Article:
‘Quite exceptional’ winter heatwave in UK sets new temperature records
The British Met Office today confirmed that new one-day temperature records for February and winter have been set for England, Wales and Scotland of 21.2, 20.8 and 18.3 degrees Celsius respectively.
What’s been dubbed a “winter heatwave” also coincided with several wildfires around the country, especially a large blaze on moorland in West Yorkshire, but their precise cause has not been determined.
Commenting on the high temperatures, Dr Friedericke Otto, Acting Director of the Environmental Change Institute at Oxford University, told the BBC: “I am very confident to say that there’s an element of climate change in these warm temperatures.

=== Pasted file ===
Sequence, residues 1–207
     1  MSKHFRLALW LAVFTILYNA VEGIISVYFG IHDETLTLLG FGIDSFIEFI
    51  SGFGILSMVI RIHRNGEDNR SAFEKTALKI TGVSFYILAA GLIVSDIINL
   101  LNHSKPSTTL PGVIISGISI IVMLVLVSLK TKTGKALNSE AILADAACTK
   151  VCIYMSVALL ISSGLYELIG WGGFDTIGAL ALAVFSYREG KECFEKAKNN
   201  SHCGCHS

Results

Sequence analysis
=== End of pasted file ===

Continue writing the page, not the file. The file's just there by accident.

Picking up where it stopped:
“But climate change alone is not causing it. You have to have the right weather systems too.”
After a relatively dry winter, potentially leaving some rural areas vulnerable to wildfires, high pressure over Europe in recent days has been drawing very warm air up from North Africa and the Canary Islands via southerly winds.
The Manager of the National Climate Information Centre, Dr Mark McCarthy, described the record-breaking conditions as “quite exceptional”, adding on a Met Office webcast that: “Over decades we are seeing a pattern in which we’re breaking more high-temperature records and fewer lower-temperature records.”
The UK Met Office Weather Studio webcast yesterday explains the current exceptional heat. (Video image: UKMO)